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Brassica oleracea, wild cabbage, is a species in the Brassicaceae (the cabbage or mustard family) from which numerous vegetable crops have been derived, including broccoli, cabbage, cauliflower, collards, Chinese broccoli, Brussels sprouts, kale, curly kale, and kohlrabi, among others. Although the varieties are so numerous as to complicate a general description, the plant is generally stout herbaceous annual, biennial, or occasionally perennial with smooth, glaucous (waxy), rounded lower leaves, which originated in Europe and has been cultivated since Roman times or before. It is most commonly grown in north temperate regions, as it requires a cool growing season and abundant moisture, and its numerous varieties are popular in home gardens.

B. olearacea, along with the cultivars of B. juncea and B. rapa, have such a long history of cultivation and diversification that it can be difficult to ascertain and classify the relationships among species and varieties (or subspecies). Varieties of B. olearacea are generally placed into the following eight groups:

1) var. acephala, which includes some types of kale, collards, palm cabbage, and Portuguese cabbage, all used for their leaves, which are generally used as a cooked vegetable or in soups, but are sometimes marinated in dressing and used as a salad.

2) var. alboglabra, Chinese broccoli or Chinese kale, which produces fleshy stems and crowded flower buds; the stems, flower buds, and young leaves are generally used as a cooked vegetable and are typical in Asian stir fries, soups, and noodle dishes.

3) var. botrytris, cauliflower, including purple cultivars (Cape broccoli), as well as the pyramid-shaped Italian cultivars (Romanesco), which have large fleshy stems and flower buds that do not open; the stems and buds, which form heads, are served raw in salads or used as a cooked vegetable.

4) var. capitata, which includes cabbage (sometimes referred to as white cabbage), red cabbage, and Savoy cabbage, in which the large, rounded leaves grow together densely together with a fleshy stem to form a “head,” which is used raw in salads, pickled or fermented (in the German sauerkraut as well as in numerous other regional dishes), or cooked as a vegetable in many northern European cuisines.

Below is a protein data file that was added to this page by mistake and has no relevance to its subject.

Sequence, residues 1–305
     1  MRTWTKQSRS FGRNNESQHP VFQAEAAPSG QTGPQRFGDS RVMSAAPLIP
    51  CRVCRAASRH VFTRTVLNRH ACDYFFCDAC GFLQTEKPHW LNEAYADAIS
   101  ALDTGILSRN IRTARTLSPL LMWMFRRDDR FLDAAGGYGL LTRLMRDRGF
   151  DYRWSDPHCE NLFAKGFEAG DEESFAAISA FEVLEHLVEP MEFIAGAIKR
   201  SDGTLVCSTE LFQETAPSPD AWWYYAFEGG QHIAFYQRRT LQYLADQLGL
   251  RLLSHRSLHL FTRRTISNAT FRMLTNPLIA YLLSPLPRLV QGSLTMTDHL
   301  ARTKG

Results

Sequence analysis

5) var. gemmifera, Brussels sprouts, which forms numerous large axillary buds (where leaf joins stem), with leaves so densely packed as to form small heads, and numerous of these buds ascending a central stalk that can grow to 1 m (3 ft) tall; the buds are used as a cooked vegetable, featured in various typical French dishes. The large stem leaves may also be used as a cooked green.

6) var. gongylodes, kohlrabi, which has a greatly enlarged, bulbous, above-ground stem, with the leaves often growing in a crown around the outer edge; the stem may be used raw in salads but is more typically cooked and prepared similarly to turnips or used in soups. The leaves may also be used as a cooked green.

7) var. italica, broccoli, which has thick fleshy stalks and a large head of densely packed flowerbuds; the stems are harvested while flower buds are still immature and tightly closed, and used raw or as a cooked vegetable. Broccoli is a highly nutritious vegetable, with a high vitamin C content and numerous other vitamins and minerals, while low in calories.

8) var. sabellica, curly and Portuguese kales, which are short-lived perennials from which the leaves can be harvested for several years; the leaves are generally used as a cooked green, notably in Portuguese dishes including the traditional kale soup known as “caldo verde,” but may also be marinated in dressing and used raw in salads.

Statistics on the production of this diverse group of vegetables are difficult to aggregate. The FAO tracks a category called “cabbages and other Brassica species,” which covers all the varieties of B. olearacea but includes related species as well. However, this category suggests at least the general level of commercial production of these vegetables, which the FAO estimated was 60 million metric tons worldwide in 2010, harvested from 2.1 million hectares. Leading producers were China, India, the Russian Federation, Japan and Korea; the U.S. ranked 9th in total production.

(Bailey et al. 1976, FAOSTAT 2012, Hedrick 1919, van Wyk 2005.)

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